The chief problem which President Eisenhower and Secretary of State Dulles were presently discussing at the summit conference was how Germany could be rearmed and how it could be united and become a power in the world again. Mr. Pearson muses that while Indo-China was rapidly falling to Communism and the Korean peace was being threatened by the Communists' arms build-up in North Korea, and while Quemoy and Matsu off the coast of mainland China were the objects of probable early attack, the U.S. delegation at the summit conference were still concerned almost exclusively with reunification of Germany. Mr. Pearson suggests that the President could say that he was only a soldier taking orders in 1945-46, and now, as President, was only taking the advice of Secretary Dulles. But the Secretary had earlier, in the 1920's, been giving advice on Germany which was just as bad or worse than critics of former Secretary of the Treasury under FDR, Henry Morgenthau, claimed the latter's advice had been in the 1940's, when he came up with the so-called Morgenthau Plan to render Germany an agricultural state. Mr. Dulles had been during the 1920's an attorney for the New York bankers who had returned from Europe repeatedly to announce that Germany was a sound investment and that its future was assured. After each statement by Mr. Dulles to that effect at that time, the German bond market had soared, only to end in one of the world's worst financial tragedies. Mr. Pearson indicates that Secretary Dulles might be right this time about Germany's long-range future, but for reasons which were opposite to his own desire that Germany be rebuilt into a strong military nation. While the top leaders of the world were haggling over Germany's future, the German people were expressing potent ideas of their own and did not relish the concept of making Germany into a military nation.
While newspapers acclaimed the new voluntary military bill being passed by the West German Parliament during the conference, the actual fact was that all of the debates in the Parliament showed that the German people were no more anxious for German militarism than was the average American youngster anxious to be drafted. The German military bill was one of the most unusual ever passed by any supposedly militaristic nation, as it provided for a committee of 38 anti-Hitler civilians to screen every general and colonel to make sure that person was not a former follower of Hitler, provided controls by Parliament over the Army, made provision for only 6,000 recruits by March, 1956, which would not worry the Russians, and provided for only 12 divisions during the ensuing six years, contrasted with Russia's 175 divisions.
Doris Fleeson tells of the Joint Committee on Atomic Energy and the Atomic Energy Commission having been at each other's throats the previous weekend behind closed doors, part of a recurring pattern. The source of the controversy in this instance was AEC chairman Lewis Strauss, based on his occupying three roles, as the chairman of the Commission, the atomic advisory member of the National Security Council and the atomic adviser to the President. Republicans on the Committee were pressuring Committee chairman Clinton Anderson of New Mexico to adopt a new decision on the President's proposal to build an atom-powered ship for display purposes, while Democrats on the Committee had previously rejected that proposal as a "showboat" scheme which would be outdated almost as soon as the ship was built, by the atomic cargo ships which were being developed.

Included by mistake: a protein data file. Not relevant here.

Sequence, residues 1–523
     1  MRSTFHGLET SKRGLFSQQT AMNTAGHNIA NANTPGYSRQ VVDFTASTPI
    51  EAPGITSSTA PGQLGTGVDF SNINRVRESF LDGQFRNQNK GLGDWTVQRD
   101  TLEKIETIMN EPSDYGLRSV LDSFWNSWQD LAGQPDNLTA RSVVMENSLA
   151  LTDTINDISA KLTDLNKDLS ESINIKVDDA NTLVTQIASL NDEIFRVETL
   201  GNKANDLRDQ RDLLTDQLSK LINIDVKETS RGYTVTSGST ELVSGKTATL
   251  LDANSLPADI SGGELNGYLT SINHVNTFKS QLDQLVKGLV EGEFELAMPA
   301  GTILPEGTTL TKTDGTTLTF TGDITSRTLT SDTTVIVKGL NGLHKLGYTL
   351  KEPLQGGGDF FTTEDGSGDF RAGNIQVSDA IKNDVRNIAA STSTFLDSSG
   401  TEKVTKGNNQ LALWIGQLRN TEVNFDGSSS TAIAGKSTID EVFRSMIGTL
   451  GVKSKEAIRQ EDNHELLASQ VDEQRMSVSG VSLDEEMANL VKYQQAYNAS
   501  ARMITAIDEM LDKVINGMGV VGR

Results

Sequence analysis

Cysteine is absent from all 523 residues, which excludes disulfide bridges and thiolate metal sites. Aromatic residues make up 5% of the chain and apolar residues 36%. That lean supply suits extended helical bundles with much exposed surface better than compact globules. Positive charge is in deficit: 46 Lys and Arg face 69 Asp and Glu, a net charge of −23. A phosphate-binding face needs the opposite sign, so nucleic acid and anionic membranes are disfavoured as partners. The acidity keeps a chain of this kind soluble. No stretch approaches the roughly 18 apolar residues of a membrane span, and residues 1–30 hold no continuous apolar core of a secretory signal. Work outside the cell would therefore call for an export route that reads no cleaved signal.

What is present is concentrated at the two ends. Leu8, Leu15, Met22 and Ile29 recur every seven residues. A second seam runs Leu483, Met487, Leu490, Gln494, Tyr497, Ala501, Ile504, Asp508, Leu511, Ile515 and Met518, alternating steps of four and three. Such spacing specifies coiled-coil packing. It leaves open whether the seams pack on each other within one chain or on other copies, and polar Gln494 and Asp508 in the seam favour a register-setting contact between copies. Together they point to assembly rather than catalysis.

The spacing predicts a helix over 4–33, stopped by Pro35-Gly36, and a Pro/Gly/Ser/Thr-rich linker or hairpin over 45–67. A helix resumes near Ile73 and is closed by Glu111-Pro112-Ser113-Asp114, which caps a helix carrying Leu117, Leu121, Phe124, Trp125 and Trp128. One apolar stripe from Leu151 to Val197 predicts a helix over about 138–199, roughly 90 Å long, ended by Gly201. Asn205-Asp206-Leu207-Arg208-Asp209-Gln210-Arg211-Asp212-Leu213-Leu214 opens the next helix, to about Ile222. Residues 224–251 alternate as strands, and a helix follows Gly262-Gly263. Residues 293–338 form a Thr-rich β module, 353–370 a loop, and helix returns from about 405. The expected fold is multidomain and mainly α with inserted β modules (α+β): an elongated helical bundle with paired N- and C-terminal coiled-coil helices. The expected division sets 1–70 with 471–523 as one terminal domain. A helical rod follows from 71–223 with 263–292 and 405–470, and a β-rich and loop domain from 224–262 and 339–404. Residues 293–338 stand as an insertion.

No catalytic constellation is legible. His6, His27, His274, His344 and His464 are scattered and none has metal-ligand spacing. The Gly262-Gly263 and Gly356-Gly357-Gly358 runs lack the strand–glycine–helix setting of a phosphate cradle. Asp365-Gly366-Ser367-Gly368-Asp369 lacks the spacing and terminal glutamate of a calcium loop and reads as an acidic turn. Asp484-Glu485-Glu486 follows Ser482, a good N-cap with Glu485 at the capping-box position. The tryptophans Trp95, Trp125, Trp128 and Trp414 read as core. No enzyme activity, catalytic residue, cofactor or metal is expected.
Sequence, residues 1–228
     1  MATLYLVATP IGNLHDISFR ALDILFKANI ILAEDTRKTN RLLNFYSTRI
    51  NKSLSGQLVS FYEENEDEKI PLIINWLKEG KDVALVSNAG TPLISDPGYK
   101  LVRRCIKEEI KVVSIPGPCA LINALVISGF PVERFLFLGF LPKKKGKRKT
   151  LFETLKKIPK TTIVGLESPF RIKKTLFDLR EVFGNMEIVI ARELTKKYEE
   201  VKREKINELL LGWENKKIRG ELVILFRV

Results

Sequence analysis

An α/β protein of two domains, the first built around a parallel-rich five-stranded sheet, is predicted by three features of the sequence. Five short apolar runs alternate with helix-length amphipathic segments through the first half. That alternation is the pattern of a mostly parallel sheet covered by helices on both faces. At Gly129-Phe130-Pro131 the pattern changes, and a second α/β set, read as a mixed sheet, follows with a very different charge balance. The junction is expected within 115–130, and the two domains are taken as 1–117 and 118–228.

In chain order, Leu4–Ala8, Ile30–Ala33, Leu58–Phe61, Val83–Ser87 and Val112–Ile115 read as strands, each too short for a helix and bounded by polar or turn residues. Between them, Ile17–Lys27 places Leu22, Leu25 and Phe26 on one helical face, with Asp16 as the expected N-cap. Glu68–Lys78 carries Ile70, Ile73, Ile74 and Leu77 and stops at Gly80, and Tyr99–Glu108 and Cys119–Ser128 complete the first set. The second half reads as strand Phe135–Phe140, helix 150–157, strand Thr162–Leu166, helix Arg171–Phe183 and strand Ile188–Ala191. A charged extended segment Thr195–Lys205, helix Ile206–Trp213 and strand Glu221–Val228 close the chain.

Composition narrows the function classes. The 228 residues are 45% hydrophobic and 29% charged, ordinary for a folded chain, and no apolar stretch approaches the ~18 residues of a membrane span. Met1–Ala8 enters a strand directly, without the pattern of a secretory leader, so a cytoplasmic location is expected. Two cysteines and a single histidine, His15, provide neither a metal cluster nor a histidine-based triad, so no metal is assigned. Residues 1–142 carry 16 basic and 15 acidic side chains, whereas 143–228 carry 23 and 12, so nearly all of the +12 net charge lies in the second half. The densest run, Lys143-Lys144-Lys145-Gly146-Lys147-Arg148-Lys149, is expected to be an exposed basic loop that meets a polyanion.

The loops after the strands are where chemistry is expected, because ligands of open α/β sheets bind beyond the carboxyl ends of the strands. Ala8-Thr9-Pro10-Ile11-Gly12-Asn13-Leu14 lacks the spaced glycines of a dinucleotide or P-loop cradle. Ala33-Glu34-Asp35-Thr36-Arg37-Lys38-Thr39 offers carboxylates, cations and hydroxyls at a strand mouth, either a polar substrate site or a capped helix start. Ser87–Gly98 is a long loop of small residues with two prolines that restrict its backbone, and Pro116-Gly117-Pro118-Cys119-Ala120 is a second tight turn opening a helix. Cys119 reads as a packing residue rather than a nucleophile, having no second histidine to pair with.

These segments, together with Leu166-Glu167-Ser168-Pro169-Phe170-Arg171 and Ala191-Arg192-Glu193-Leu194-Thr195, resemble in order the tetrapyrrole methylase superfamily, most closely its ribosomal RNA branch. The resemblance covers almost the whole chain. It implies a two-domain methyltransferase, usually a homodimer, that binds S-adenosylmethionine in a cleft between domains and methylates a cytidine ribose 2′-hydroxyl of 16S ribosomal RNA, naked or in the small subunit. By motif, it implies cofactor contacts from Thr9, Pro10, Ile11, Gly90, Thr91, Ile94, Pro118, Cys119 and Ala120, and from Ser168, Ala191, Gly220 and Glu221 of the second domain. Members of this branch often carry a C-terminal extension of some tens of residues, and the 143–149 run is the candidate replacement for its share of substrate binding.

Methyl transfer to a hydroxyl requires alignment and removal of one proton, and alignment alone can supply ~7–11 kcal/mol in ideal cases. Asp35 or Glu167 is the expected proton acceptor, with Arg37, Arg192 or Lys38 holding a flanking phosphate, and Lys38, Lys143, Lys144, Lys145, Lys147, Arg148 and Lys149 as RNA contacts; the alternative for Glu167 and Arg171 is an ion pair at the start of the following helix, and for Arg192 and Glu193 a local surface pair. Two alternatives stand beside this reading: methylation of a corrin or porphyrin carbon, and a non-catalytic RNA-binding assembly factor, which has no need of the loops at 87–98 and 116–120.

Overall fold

Senator Anderson had agreed to meet informally with the other members of the Committee late on Friday to see if some agreement could be reached to protect face internationally for the President. The Senator stated that the AEC should not be present. The Senator understood that the Republicans wanted something for entry to the House debate on the atomic ship, which was scheduled to begin early in the current week, and was also aware that most of the Democrats on the Committee were out of town and unavailable even for proxy votes. When the meeting convened at noon, Senator Anderson realized that Republicans were lined up solidly, with only two Democrats present, along with chairman Strauss, the other AEC commissioners and a staff of eight principal AEC officers. Senator Anderson said that if anyone present thought it would be a regular meeting, he would walk out and hoped that the other two Democrats would as well. He proceeded to tell Admiral Strauss that he was canceling a visit to an atomic demonstration the following week because he would not ride in the same plane with an AEC chairman who constantly sought to double-cross the Committee. Admiral Strauss protested that he thought he was supposed to be present.
But, indicates Ms. Fleeson, Admiral Strauss had repeatedly been disingenuous when he had been trying to do what the President wanted, one example being that in a public hearing the previous week on the subject of Government liabilities in the now-canceled Dixon-Yates private utility contract with the AEC, the Committee had directed the AEC to handle the matter, to protect the Treasury Department. Admiral Strauss had left with the members the impression that he would obey that directive. But when members left the hearing, they learned from reporters that Attorney General Brownell had said that at the request of Admiral Strauss, the Attorney General would handle the cancellation liabilities, a matter of which the Admiral had made no mention.